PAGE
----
• Synthesis and optimization of the non-corrosive magnesium borate (Mg[B(hfip)4]2) electrolytes.
• Ethers and glyme solvents like DME are important for the field of Mg batteries since they allow reversible behavior of Mg anodes.
• Battery test using CP cathode with borate electrolyte shows a good cycling stability, demonstrating a good compatibility between CP and non-corrosive borate electrolyte.
• Several cathode materials have been tested, with the most promising results for FeFe(CN)6, VS4 and 14PAQ.
• The design of S-cathodes with high reversible capacity and cycling stability has been supported by DFT calculations.
• Mg-S cells have been discharged/charged for 50 cycles at C/50 in borate-based electrolyte. Reversible redox reaction of sulfur with borate electrolyte in Mg-based batteries was confirmed.
• Functional separator and hybrid sulfur cathode materials were fabricated with Chevrel phase additive. The Mg-S cells were tested with the new functional separators, sulfur cathodes with active material loading of ~1mg cm-2, 0.3 M Mg[B(hfip)4]2/DME as electrolyte and Mg metal anode.
• RMB pouch cells have been assembled and tested using reference materials. An optimized reference system was reached in pouch cell level that matches the established coin cell electrochemical response demonstrating an energy density of 20-25 Wh/kg. Throughout the test of nearly 500 cycles, the coulombic efficiencies improved close to 100% and it had a capacity retention of 80% at the end, which is considered an industrial standard for battery health and safety.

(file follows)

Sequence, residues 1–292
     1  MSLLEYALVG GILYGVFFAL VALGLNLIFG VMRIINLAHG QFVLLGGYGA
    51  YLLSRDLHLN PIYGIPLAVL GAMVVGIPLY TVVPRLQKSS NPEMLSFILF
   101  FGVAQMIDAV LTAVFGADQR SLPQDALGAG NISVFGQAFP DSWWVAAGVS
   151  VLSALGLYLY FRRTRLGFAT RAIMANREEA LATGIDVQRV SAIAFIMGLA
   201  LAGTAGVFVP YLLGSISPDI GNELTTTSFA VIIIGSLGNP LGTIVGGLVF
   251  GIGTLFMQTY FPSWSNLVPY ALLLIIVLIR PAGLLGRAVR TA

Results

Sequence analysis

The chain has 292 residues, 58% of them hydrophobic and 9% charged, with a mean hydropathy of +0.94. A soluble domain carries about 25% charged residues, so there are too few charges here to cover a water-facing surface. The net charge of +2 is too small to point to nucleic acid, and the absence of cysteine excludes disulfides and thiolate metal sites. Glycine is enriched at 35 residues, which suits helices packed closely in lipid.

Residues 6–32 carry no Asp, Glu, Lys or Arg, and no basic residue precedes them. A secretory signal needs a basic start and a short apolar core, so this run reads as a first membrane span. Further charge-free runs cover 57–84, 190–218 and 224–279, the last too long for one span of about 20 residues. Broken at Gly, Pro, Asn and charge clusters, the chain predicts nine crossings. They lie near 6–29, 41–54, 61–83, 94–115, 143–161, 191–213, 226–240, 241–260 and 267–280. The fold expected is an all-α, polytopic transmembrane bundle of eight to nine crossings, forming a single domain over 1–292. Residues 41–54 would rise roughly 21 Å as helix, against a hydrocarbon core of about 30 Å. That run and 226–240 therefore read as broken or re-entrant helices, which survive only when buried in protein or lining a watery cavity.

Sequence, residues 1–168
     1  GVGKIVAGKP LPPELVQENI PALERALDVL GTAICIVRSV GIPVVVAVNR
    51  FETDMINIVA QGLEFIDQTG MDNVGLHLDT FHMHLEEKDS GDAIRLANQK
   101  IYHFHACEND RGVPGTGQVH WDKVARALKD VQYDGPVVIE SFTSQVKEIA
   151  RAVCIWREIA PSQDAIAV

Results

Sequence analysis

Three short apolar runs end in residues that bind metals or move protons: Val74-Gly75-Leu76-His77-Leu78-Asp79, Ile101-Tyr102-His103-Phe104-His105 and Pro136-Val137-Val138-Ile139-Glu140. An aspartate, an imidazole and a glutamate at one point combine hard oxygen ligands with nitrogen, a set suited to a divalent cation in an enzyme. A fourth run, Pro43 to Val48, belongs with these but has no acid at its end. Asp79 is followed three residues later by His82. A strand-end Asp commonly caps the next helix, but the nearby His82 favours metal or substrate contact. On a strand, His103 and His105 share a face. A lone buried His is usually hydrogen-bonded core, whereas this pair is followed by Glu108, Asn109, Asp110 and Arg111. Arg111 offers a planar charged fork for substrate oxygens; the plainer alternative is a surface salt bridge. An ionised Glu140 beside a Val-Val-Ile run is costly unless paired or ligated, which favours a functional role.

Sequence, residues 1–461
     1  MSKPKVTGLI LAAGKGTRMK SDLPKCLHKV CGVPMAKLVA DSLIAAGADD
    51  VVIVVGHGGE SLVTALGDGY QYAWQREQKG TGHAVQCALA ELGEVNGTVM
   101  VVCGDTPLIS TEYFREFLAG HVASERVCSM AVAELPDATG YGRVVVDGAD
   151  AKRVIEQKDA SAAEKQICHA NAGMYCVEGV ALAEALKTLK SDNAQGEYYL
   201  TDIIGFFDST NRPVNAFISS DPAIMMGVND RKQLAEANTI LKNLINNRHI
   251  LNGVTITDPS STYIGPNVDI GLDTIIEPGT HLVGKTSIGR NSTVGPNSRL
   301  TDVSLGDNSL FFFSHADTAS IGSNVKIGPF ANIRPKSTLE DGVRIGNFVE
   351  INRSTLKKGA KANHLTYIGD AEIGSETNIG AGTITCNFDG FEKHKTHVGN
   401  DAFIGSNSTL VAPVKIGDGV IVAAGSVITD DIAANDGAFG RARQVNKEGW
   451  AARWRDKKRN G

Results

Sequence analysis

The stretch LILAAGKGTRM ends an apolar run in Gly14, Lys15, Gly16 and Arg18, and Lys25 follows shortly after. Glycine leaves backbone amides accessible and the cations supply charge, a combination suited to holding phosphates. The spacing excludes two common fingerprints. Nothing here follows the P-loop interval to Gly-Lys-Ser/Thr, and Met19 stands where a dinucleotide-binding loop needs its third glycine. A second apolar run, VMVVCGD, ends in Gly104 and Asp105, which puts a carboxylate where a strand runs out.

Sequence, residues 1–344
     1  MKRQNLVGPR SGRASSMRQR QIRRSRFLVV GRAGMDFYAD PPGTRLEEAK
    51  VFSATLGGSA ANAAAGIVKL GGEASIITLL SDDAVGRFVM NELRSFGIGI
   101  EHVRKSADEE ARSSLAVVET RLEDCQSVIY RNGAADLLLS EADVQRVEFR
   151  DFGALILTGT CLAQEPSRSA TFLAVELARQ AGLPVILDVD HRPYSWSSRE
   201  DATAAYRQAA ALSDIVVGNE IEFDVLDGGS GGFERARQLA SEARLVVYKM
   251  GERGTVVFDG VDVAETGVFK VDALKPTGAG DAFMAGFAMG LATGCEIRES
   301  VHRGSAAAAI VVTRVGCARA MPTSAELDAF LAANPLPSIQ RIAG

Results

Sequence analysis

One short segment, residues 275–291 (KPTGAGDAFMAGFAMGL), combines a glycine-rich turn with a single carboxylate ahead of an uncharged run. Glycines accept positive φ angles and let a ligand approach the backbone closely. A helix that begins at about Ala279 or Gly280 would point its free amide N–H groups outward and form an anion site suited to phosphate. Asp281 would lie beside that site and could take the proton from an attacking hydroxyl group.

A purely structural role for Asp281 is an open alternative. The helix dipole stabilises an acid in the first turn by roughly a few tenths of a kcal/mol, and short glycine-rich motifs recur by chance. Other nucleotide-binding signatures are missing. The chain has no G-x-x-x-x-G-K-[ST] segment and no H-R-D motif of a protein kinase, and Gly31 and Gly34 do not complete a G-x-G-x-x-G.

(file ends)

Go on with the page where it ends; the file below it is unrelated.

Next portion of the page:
• Some pouch cells have been manufactured using the new developed ultrathin AZ31 alloy anode and are currently under testing.
• It has been proposed a step-by-step component replacement strategy of laboratory-validated aluminum current collector, Mg[B(hfip)4]2 /DME electrolyte, VS4 cathode and AZ31 magnesium alloy anode to reach a competitive, high-energy density, advanced RMB chemistry.
• An environmental profile of future RMB has been generated, deducing its environmental performance from Li-ion available information
Amongst several findings some of them can be pointed out as beyond SoA outcomes which pave the upcoming scientific and practical advances in Mg-ion batteries:
• The development of automated computational tools to accelerate the discovery of novel materials to be used as intercalation electrodes.
• Chevrel Phase does not intercalate Mg in Cl-free solutions at room temperature. E-MAGIC reveals that Cl-based species have a critical role in the electrochemical processes of intercalation of Mg ions. This finding may open a hatch for the future development of practical RMBs.
• In E-MAGIC, the Mg[B(hfip)4]2) / glyme based electrolyte composition was optimized by means of the glyme solvent and the addition of new additives. These electrolyte improvements have reduced the Mg plating/stripping overpotential and allowed enhanced Mg cycling performance.
• The new boron-based electrolyte system has allowed the development of three promising cathode materials where the anionic redox chemistry was activated, enabling multielectron transfer in insertion cathodes for high energy multivalent batteries
• VS4 was taken as a model material for reversible two-electron redox reaction with synergetic cationic-anionic contribution, which has been verified in RMB.
• The promising cathodic material developed is PAQ/Ketjenblack based composites which has been demonstrated towards high energy and long-lifespan RMB when the new boron-based electrolyte is used.
• The combination of the Mg anode with S using materials with high specific capacity.
• The feasibility of processing ultrathin Mg anodes by using the AZ31 Mg alloy has been demonstrated.
• The first RMB prototype has been manufactured, achieving 30Wh/kg for more than 500 cycles.
Magnesium batteries constitute a promising alternative amongst non-Li energy storage systems